Money Start-Up Guide
The graduation ceremony is over, your diploma has been framed, and—yay!—you’re earning money. Congratulations! Now add this to your list: time to learn a bit about real world personal finance!
What Should Millennials Do With Their Money?
Newly employed after school, you’re earning real money maybe for the first time in your life. Spending it all is easy and tempting, but you’ve got a nagging feeling you should save some too. And of course those student loans aren’t going away by themselves.
How do you decide among and balance these competing demands for your cash:
- Student loan payments—both minimum and extra
- Maybe you left school with some credit card debt too
- Savings: travel and vacations? a car? emergencies? retirement?
As a young person, you might feel like you have loads of time to make choices about what to do with your income. That’s a feeling you need to get rid of! Actually the sooner you get on a sound financial track, the easier managing your money will be and the more success you’ll have, both short and long-term. Time alone works to your advantage.
Money Priorities for Millennials
Here’s how to think through allocating your cash:
1. Student Loans
At some point in time after finishing school and beginning work mandatory minimum payments on your student loans will kick in. It’s a good idea to investigate consolidation and income-driven repayment plans. With that done, you’ll know your minimum monthly payment(s). Making minimum loan payments has to be your first priority. But should you pay more than the minimum? Maybe—more about this later.
Everybody needs an emergency fund. Without one, you’re vulnerable to getting caught up in the high-interest debt trap because you may have to borrow money on a credit card to meet surprise expenses that outstrip your budget. All of the money you can set aside for savings should go to an emergency fund until the fund is enough. How much is enough? Read “How Much Emergency Savings?”, but in a nutshell, ignore all the rules of thumb about recommended emergency fund size and settle on a number that’s based on your unique situation.
Set up a money market account or the highest interest savings account your bank offers for your emergency fund. You want this cash to be easily accessible and without principal risk. Ratebrain.com is a good place to zero in quickly on the institution offering the highest interest rate on a money market account. Be careful of getting suckered by introductory teaser rates. Choose an institution offering a high rate (and favorable terms, such as no fees) after any introductory rate period expires.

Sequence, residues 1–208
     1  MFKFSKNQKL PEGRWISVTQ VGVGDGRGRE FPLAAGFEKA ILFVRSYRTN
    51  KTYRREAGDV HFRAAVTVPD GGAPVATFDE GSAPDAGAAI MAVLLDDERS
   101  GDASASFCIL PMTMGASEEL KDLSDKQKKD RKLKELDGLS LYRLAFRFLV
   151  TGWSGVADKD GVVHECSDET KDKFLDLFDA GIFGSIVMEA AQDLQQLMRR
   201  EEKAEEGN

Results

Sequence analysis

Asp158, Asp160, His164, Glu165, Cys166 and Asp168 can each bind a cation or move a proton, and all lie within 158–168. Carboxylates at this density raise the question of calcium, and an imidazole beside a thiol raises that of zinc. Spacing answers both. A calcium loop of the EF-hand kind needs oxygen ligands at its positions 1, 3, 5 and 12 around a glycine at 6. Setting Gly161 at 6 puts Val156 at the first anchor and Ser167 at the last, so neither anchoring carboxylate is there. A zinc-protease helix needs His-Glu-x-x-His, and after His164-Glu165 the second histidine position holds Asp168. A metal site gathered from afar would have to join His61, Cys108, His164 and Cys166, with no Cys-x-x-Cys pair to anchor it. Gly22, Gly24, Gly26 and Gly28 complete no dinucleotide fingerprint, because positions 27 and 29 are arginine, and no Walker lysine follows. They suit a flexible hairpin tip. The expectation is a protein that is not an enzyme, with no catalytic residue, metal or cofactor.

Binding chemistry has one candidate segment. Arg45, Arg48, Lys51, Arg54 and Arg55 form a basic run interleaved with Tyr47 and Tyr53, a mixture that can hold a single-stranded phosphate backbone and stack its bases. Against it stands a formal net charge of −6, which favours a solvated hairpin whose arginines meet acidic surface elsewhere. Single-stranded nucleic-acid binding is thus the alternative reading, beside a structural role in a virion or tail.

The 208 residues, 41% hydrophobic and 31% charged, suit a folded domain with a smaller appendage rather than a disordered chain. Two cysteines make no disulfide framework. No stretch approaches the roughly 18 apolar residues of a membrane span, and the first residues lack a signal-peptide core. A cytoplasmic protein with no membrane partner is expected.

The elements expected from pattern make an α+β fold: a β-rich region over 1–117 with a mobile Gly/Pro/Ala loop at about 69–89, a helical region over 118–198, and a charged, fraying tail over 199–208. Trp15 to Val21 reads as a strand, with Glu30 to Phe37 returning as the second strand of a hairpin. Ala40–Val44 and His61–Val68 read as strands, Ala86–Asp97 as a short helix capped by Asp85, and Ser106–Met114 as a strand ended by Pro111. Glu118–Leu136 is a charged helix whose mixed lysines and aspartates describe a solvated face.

3. Credit Cards
If you graduated with credit card debt, paying it off is right up there with building an emergency fund as a top priority. It’s simple: regularly paying interest to credit card companies will make financial success far tougher to achieve, if not impossible.
4. Planned Savings
Your emergency fund is for stuff you didn’t see coming, like a layoff or need to buy a short-notice airline ticket for a family emergency. Planned savings cover larger expenses that you can anticipate and save for—so you can pay cash instead of putting it on the credit card. A vacation, a car, a high-end bicycle, holiday spending, or a new MacBook are examples of the sorts of expenditures you should cover from planned savings.
Like emergency savings, accumulate planned savings in a money market account. You won’t earn much interest these days, but you’ll also never lose any of the money you deposit! An exception might be planned savings you don’t intend to tap for 5 or more years—say for a home down payment. You could take a bit more risk with these longer-term savings by, say, putting some of the money in a short-term bond fund. But I would strongly discourage any sort of stock investing with your planned savings fund, unless of course you’re okay running risk of being forced to change your vacation venue from Paris, France to Paris, Texas.
5. Retirement Savings
Does your employer offer a 401(k) plan or similar? At an absolute minimum, you’ve got to contribute enough to take full advantage of any match your employer offers. To do otherwise is tantamount to turning down a raise. It’s free money!